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The Water Project: Kangalu Community B -  Carrying Water
The Water Project: Kangalu Community B -  One Mile To Water Source
The Water Project: Kangalu Community B -  Community Members Already Preparing Land For Project
The Water Project: Kangalu Community B -  Carrying Water Home
The Water Project: Kangalu Community B -  Felisters Mumbe
The Water Project: Kangalu Community B -  Josephine Kilonzi
The Water Project: Kangalu Community B -  Clothesline
The Water Project: Kangalu Community B -  Compound
The Water Project: Kangalu Community B -  Compound
The Water Project: Kangalu Community B -  Cooking Area
The Water Project: Kangalu Community B -  Cooking In The Kitchen
The Water Project: Kangalu Community B -  Kitchen
The Water Project: Kangalu Community B -  Latrine

Project Status



Project Type:  Sand Dam

Regional Program: Southeastern Kenya WaSH Program

Impact: 500 Served

Project Phase:  Under Construction
Estimated Install Date (?):  05/31/2021

Project Features


Click icons to learn about each feature.



Kangalu Community is found in a semi-vegetated, peaceful, and rural locality of Southeastern Kenya. Most people here live in houses made of bricks that are well roofed with iron sheets. However, a majority of the homes lack cemented floors and plastered walls. The most common livelihoods in this community are either farming or working casual labor jobs, such as construction or motorcycle taxi driving.

Our main entry point into Kangalu has been the Kangalu Chanuka Self-Help Group, which is comprised of households that are working together to address water and food scarcity in their region. These members are our hands and feet in both constructing water projects and spreading the message of good hygiene and sanitation to everyone in the area.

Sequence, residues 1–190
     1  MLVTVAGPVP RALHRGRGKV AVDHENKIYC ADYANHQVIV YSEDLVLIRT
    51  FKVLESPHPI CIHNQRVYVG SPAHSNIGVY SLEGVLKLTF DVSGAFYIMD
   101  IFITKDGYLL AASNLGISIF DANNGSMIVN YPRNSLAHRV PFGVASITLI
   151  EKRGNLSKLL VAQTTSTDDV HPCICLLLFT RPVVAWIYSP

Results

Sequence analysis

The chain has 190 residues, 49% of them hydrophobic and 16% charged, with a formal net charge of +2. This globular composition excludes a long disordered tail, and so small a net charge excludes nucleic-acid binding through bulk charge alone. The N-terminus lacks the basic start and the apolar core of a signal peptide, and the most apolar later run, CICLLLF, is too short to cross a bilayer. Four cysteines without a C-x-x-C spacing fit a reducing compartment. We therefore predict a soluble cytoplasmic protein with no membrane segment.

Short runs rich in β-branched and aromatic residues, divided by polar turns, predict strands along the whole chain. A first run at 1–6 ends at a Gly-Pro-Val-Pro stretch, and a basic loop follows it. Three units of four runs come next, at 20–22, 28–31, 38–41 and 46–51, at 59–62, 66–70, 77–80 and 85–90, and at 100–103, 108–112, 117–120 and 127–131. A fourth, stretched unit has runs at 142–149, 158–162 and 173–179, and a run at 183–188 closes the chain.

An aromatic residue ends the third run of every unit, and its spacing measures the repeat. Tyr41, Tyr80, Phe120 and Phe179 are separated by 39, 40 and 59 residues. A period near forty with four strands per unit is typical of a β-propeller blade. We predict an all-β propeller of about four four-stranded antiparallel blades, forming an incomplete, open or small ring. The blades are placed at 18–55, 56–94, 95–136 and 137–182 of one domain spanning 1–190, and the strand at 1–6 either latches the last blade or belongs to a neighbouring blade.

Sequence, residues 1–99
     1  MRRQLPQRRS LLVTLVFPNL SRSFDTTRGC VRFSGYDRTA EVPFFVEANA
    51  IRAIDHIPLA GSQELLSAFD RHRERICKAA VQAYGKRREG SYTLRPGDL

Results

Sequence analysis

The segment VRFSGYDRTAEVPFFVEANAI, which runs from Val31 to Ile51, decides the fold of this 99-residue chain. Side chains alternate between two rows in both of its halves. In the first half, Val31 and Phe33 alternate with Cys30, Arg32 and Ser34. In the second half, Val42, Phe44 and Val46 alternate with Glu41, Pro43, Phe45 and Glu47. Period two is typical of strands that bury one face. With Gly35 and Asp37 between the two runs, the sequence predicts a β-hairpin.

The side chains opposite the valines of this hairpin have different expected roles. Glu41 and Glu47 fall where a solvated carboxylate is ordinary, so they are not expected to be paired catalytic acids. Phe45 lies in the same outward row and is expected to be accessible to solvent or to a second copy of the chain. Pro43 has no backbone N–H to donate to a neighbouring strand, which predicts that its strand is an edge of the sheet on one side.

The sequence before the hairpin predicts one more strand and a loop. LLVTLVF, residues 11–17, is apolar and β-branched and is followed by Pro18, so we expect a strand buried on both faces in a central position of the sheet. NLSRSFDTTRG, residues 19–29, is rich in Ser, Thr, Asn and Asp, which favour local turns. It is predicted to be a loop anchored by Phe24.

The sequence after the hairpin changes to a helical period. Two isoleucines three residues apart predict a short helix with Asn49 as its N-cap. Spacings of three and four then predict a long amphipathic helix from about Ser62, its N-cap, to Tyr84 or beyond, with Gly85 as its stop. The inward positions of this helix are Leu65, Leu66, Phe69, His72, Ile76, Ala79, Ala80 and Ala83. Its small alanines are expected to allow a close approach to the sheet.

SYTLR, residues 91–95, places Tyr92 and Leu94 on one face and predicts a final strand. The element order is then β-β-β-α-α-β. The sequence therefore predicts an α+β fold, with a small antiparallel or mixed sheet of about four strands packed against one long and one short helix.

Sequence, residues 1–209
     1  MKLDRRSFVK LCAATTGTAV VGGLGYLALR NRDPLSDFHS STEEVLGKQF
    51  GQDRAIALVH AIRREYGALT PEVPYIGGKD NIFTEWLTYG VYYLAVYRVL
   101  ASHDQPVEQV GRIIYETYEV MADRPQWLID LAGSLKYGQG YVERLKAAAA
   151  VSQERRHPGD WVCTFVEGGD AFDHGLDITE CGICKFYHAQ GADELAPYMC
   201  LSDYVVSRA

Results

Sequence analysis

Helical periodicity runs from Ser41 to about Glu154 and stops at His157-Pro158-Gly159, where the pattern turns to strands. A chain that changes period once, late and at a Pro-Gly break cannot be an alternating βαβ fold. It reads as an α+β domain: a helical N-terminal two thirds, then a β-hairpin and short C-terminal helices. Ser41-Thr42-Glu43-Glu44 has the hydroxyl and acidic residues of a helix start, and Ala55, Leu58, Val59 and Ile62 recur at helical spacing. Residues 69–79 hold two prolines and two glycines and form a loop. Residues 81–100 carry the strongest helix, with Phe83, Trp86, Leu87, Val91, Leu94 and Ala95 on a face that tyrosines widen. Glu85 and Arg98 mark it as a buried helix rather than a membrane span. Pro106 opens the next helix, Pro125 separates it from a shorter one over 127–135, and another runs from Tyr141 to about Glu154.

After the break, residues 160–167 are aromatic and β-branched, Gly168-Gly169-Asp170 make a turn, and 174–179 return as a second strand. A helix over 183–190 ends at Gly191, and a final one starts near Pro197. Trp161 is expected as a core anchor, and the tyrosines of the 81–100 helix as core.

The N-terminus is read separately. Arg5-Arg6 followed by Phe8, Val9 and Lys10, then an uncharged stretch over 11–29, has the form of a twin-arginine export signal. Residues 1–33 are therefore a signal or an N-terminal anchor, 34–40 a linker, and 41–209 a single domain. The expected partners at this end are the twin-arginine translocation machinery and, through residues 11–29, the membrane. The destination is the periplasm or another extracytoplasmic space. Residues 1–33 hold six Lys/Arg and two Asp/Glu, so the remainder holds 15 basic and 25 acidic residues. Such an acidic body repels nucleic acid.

We completed our first project with this group last year, but that water point alone is not enough for this community.

“My village faces the challenge of a lack of adequate clean water sources. This has led to us waking up early in the morning at times to reach the few available water sources,” said Josephine Kilonzi, a member of the self-help group.

“The need to end the challenges brought us together to work jointly and implement many water points.”

We typically work with self-help groups for 3 to 5 years on multiple water projects to ensure that everyone in their community has access to water. For this community of more than 600 people and their neighbors, a series of dams and wells are needed to address water access issues here.

“We are very happy to be working with you. Our community lacks adequate water access all year round which leads to poor hygiene, underdevelopment, and malnutrition. That is why we remain committed to working together on more water projects aimed at bringing water to the doorstep of everyone and leading to general improvements in living standards for all,” said Felisters Mumbe, another member of the self-help group.

We are continuing to work with this group on a new project.

What We Can Do:

Sand Dam